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Across the street from Purgatory Resort, the Durango Nordic Center offers a recreational alternative to downhill skiing and snowboarding. This winter wonderland features 23 kilometers of trail for classic and skate skiers and another five kilometers for snowshoers. From a peaceful ramble through snowy forests to a lung-burning workout, skiers enjoy glimpses of the majestic Needle Mountains in the background and up-close wildlife footprints.

Helen Low, the Nordic Center’s manager, described the terrain as “wedding cake topography,” layered-on benches of limestone that roll flat and then drop off and ease back to flat. Trails are groomed daily, ranging from blacks like Deadman’s Drop to greens like Aspen Loop, inviting skiers to be as brave or mellow as they feel.

Peace and quiet can be found even when the parking lot is full. Newcomers are encouraged to embrace their inner Bambi-on-ice awkwardness and gaze in amazement at the old-timers gliding along gracefully. Programs are catered to all ages, beginning at five years old, and no one is too old to start.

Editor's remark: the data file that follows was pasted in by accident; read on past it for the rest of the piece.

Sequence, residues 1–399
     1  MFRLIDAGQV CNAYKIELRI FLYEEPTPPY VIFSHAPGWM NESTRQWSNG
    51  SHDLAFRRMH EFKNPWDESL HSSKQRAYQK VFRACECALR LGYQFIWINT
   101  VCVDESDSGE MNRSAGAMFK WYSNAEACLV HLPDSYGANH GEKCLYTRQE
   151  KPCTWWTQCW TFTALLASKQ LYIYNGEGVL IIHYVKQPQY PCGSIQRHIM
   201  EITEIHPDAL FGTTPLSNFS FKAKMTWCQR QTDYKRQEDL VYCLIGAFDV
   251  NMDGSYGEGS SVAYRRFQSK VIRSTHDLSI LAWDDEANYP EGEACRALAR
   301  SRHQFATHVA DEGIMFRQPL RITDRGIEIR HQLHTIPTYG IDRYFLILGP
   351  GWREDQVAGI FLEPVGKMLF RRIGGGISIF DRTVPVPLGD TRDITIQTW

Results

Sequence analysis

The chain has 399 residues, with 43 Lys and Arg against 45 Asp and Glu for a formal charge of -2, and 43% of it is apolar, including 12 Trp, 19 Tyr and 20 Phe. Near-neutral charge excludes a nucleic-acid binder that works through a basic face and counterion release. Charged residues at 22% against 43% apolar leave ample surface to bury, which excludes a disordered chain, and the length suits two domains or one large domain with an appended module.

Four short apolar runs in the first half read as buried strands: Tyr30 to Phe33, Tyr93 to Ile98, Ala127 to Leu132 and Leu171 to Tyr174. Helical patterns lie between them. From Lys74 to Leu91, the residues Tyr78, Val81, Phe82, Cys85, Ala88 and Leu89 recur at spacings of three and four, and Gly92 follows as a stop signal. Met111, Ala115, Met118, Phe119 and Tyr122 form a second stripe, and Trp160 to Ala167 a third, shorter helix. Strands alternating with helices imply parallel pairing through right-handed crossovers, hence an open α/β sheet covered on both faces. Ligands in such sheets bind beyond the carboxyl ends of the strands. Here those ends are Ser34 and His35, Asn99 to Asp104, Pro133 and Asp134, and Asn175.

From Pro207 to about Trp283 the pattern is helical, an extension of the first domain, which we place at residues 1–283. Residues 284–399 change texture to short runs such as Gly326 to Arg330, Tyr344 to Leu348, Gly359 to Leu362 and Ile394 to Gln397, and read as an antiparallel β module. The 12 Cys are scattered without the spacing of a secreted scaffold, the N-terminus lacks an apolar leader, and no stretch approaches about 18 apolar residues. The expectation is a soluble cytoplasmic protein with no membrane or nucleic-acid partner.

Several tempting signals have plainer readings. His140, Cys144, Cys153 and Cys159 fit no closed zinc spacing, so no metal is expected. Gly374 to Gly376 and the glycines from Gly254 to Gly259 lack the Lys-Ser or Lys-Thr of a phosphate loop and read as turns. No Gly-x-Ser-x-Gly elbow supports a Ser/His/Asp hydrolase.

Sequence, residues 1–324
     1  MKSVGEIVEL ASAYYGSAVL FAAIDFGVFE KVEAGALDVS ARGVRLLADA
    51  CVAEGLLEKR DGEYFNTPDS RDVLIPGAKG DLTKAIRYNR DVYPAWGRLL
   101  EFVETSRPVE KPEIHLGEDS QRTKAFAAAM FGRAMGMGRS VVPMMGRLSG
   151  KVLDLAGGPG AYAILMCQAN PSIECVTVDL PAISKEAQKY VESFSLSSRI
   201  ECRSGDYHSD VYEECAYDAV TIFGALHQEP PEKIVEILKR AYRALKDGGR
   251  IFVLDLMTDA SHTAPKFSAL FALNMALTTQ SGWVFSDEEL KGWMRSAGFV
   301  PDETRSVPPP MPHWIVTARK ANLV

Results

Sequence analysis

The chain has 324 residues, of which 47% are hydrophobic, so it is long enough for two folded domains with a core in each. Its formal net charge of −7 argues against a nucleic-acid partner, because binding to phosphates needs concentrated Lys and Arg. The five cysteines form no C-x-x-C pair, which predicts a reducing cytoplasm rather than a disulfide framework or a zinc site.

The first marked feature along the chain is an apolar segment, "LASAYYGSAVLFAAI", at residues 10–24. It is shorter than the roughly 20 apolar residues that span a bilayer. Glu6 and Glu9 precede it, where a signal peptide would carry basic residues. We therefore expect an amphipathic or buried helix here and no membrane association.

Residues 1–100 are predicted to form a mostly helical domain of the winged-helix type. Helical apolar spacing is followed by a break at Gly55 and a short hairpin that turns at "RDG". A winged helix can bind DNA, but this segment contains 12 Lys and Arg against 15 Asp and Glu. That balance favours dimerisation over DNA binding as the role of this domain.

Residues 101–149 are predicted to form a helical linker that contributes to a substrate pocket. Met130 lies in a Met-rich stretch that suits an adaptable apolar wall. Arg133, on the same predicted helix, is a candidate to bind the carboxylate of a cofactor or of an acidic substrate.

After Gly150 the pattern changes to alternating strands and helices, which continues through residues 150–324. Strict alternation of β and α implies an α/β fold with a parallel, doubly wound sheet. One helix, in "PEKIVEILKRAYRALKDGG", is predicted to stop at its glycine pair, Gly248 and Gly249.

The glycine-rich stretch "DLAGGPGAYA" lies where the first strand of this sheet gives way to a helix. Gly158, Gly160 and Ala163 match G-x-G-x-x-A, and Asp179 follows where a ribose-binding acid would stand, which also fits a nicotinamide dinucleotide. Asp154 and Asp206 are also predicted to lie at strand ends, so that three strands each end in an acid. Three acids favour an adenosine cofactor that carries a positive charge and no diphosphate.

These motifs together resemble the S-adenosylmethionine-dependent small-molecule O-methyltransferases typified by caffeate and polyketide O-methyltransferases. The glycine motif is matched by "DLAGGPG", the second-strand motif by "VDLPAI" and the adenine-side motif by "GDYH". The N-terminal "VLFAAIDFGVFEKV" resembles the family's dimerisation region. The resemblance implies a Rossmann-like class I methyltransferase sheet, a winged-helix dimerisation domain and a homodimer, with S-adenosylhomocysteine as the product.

“The little kids’ programs are the best,” Low said, adding that more than 100 kids participate each season. “They’ll head out on the trails and play silly games to get them thinking it’s fun without realizing they’re learning. And then you’ll hear a gaggle of moms rounding the corner, laughing and enjoying the freedom of a couple of hours of playing in the snow while getting a good workout.”

Volunteer instructors offer affordable lessons every day of the week. Rentals include classic and skate skis, boots, poles, and snowshoes for preschoolers up to “the biggest dudes you can find,” Low said. Each lesson starts with how the gear works, body mechanics, and basic techniques, like how to fall and get back up. Instructors offer gentle reminders to “Engage your core.”; “Get into your body and your breath.”; “Slow down!”; “Be grateful for the cadence your body is asking of you today.”; and “Listen, focus, and enjoy!”

The Nordic Center runs on the power of volunteers who return every year in the tradition of the Durango Nordic Ski Club, founded in 1952. Today, the Nordic Center is operated as a 501(c)3 nonprofit club, funded through memberships, trail fees, programs, events, and generous donations from sponsors and community members. In 2016, a local family of philanthropists, who wish to remain anonymous, bought the parcel to ensure mansions and developments don’t overrun this haven for making memories.

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